Christian S. Jensen is Professor of Computer Science at Aalborg University, Denmark. His research concerns primarily analytics, including machine learning, data mining, and query processing, and data management, with a focus on temporal and spatio-temporal data. Christian is an ACM and IEEE Fellow, and he is a member of Academia Europaea, the Royal Danish Academy of Sciences and Letters, and the Danish Academy of Technical Sciences. He has received several awards, most recently the 2022 ACM SIGMOD Contributions Award and the 2019 IEEE TCDE Impact Award. He is on the board of Villum Fonden, a major funder of research in Denmark, and is vice-chair of the Danish National Research Foundation. He is president of the steering committee of the Swiss National Research Program on Big Data. In Germany, he is on the scientific advisory board (SAB) of the Max Planck Institute for Informatics; and in Norway, he chairs the SAB of the Norwegian Research Center for AI Innovation.
The ongoing, sweeping digitalization of societal processes generates massive volumes of data that capture the underlying processes at an unprecedented level of detail, in turn enabling us to better understand and improve those processes. Put differently, if harnessed properly, data holds the potential to enable value creation throughout society.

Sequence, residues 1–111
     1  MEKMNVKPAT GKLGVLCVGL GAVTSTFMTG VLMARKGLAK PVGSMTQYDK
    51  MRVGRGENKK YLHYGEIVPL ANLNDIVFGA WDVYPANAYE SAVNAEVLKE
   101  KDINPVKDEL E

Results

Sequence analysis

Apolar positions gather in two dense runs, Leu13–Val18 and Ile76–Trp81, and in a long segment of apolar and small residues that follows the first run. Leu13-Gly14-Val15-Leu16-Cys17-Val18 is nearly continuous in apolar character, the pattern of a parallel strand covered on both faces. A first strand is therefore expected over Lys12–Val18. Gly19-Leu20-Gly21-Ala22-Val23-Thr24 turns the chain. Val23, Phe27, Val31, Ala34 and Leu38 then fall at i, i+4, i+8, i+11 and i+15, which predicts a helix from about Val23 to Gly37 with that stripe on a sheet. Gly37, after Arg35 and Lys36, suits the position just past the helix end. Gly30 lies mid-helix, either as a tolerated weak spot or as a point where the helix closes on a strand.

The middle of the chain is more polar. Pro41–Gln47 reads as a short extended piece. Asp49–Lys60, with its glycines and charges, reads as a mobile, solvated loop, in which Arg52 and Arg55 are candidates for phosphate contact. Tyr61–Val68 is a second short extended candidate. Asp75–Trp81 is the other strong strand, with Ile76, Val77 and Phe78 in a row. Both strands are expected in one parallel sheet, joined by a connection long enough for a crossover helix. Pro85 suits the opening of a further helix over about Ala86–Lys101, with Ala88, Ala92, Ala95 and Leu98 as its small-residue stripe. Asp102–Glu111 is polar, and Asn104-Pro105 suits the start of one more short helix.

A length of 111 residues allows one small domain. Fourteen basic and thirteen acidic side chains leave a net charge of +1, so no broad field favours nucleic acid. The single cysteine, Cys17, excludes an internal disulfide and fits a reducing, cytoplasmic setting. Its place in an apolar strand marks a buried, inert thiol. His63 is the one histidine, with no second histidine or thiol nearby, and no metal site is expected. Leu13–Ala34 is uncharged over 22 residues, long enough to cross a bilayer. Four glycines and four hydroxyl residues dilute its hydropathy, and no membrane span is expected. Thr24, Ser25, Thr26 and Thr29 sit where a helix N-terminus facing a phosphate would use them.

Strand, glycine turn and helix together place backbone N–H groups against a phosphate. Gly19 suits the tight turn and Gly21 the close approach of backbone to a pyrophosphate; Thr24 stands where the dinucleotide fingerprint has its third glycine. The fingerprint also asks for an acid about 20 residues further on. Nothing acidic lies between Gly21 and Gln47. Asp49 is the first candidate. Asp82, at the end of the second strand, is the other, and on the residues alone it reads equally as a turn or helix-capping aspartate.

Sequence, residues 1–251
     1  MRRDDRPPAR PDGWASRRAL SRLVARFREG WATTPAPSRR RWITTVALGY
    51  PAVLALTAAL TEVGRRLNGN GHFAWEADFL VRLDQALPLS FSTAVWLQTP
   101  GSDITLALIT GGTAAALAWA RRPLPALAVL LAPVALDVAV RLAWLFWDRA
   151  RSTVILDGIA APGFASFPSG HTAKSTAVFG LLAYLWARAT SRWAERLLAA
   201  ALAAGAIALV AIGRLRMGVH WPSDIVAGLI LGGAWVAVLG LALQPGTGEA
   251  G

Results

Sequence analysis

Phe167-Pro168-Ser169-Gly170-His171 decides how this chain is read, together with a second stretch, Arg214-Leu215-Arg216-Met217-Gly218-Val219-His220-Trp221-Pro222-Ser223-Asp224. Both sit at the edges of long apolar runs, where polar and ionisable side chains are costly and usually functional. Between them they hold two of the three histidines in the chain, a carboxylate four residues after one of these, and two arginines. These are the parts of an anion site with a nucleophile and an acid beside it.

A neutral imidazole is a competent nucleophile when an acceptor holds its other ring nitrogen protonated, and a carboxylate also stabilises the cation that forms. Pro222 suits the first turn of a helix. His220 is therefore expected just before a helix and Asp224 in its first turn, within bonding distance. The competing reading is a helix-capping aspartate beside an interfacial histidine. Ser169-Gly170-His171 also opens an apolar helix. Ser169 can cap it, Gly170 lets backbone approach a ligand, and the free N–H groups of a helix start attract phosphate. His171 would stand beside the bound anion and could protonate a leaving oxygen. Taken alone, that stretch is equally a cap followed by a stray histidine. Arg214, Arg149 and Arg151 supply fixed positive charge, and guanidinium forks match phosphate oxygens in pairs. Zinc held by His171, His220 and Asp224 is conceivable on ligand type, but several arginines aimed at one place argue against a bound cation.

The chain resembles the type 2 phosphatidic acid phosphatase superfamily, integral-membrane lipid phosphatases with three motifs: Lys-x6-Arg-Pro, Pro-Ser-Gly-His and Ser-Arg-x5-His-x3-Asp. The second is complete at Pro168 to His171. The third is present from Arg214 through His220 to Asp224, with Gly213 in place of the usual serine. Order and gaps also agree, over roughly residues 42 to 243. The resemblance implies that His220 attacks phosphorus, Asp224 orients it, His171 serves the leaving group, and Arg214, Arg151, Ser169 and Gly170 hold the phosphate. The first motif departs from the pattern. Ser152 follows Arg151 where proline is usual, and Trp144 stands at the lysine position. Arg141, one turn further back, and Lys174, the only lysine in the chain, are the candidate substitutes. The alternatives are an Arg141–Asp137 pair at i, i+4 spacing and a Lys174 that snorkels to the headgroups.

Considering primarily vehicle trajectory data, this talk puts focus on the important process of transportation: While we all depend on it for mobility, vehicular transportation has adverse effects on our productivity due to lack of predictability and congestion, on the climate due to greenhouse gas emissions, and on our health and safety due to air and noise pollution and accidents. Thus, it makes good sense to invent techniques capable of leveraging big data for the improvement of transportation.
This talk will describe how the availability of massive trajectory data renders the traditional routing paradigm, where a road network is modeled as an edge-weighted graph, inadequate. Instead, new paradigms that thrive on massive trajectory data are called for. The talk will cover several such paradigms.